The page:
Lindsay Lohan, l’enfant terrible of American cinema, is a real enigma.
A former child model, teen soap opera star and constantly in and out of rehab, she is a very talented actress known for nonconformity and a self-inflicted tortured life.
She’s been in jail on more than one occasion for dangerous driving while inebriated or in a drug-fuelled condition. Her Hollywood career has veered from the sublime to the calamitous, not by reason of her work, but singularly by her inability to marshal her life in a disciplined fashion. Her reckless existence has made her a troublesome and almost uninsurable actress that most directors are in fear of casting, for she seems to bring about invidious problems that culminate in shooting delays and over-running budget allocations.
Her latest drama is her failure to turn up to promote The Canyons at the Venice Film Festival, leaving the movie’s exasperated director in a frenzy. He had to take to the podium to declare that he had been ‘held hostage by the actress for sixteen months’. Paul Schrader said: ‘I’ve been a hostage of my own choosing of a very talented and unpredictable actress. She said she would be here and she’s not.’ Lohan apparently even missed the first day of the three-week shooting schedule, was fired by Schrader and then re-instated.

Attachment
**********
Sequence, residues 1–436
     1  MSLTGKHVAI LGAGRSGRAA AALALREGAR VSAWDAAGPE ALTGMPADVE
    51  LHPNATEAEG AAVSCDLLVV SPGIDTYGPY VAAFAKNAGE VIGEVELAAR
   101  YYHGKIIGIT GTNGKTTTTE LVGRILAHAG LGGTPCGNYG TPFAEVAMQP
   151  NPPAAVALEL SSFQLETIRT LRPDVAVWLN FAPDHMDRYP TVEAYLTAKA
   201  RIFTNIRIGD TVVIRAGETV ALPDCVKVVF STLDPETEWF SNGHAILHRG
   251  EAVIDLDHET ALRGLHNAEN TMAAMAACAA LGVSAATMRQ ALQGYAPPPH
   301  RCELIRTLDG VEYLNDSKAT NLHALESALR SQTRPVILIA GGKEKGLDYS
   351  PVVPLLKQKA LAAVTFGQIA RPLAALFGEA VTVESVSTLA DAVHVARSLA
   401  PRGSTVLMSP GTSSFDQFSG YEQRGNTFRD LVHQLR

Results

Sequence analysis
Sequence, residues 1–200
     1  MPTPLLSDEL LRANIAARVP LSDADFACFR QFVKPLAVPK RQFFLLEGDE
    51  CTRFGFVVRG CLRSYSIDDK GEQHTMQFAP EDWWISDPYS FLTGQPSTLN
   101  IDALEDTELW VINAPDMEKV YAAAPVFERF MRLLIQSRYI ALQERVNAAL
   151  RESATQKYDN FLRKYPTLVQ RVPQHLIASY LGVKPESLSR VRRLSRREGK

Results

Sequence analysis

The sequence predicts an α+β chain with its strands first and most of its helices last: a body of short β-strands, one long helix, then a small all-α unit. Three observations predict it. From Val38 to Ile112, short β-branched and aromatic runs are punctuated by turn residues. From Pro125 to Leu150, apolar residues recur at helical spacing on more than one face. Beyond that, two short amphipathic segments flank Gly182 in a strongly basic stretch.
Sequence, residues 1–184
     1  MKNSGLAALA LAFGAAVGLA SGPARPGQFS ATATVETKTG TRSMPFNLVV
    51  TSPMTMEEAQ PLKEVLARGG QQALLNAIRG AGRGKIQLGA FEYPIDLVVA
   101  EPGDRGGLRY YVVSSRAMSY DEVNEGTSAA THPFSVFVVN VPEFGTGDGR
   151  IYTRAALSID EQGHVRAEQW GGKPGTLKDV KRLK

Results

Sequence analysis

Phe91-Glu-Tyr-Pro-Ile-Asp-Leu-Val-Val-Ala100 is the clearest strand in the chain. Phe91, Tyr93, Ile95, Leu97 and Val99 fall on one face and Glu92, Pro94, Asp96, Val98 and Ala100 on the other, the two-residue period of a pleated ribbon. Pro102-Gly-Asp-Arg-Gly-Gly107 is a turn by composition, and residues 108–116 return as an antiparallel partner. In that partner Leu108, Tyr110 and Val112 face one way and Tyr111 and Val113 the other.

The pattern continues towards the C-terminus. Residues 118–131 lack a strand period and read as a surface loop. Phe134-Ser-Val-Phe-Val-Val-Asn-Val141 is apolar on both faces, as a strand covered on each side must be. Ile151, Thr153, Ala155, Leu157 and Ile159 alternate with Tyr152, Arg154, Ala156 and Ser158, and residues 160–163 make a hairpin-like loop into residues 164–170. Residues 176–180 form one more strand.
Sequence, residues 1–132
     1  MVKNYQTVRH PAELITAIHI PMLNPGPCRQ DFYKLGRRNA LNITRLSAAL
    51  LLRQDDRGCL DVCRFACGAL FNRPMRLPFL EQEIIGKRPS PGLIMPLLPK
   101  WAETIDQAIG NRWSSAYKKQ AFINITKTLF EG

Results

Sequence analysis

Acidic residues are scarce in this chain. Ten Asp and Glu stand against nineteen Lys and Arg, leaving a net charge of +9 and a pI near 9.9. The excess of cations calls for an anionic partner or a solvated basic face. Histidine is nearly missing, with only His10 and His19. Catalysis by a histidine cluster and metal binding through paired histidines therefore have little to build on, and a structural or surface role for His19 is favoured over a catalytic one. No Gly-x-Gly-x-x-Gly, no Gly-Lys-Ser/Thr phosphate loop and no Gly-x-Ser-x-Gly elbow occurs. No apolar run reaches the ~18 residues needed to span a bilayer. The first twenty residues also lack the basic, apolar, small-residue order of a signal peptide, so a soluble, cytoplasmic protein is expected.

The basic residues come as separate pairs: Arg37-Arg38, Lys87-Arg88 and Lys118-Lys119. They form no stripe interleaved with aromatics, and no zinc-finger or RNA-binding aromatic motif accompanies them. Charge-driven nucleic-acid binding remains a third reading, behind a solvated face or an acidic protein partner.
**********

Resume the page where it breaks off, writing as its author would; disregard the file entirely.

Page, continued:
During filming of a four-way sex scene, written into her contract, the eminent director managed to get Lohan to remove her clothes only by working naked himself.
At certain points in the film Lohan quivers and quakes, almost acting her false eyelashes off. ‘Lindsay is a fearless actress,’ said Schrader, ‘but she has a hard time faking things, so she gets worked up, which is hard for her and those around her.’
Schrader, who made American Gigolo and Cat People earlier in his career, sighed with relief at the press conference and said, ‘At last it’s over.’
The first European screening of the film met with inappropriate laughter, whistles and boos. Like rubber-necking a car crash, The Canyons is compelling with its affected acting, corny pornography and commitment to vacuity. The film budget was only £200,000 and Lohan was paid $100 a day, plus a profit share. No wonder she did not turn up to attend the film screening in Venice.
I must come clean and admit that I am a great fan of Lohan – and besides, she’s my friend on Facebook. No one in my view can deny that she has a magical presence on film and I can only hope that she will overcome her demons and continue to entertain us for many years to come.
Talent is a commodity worthy of the sacrifices one can give.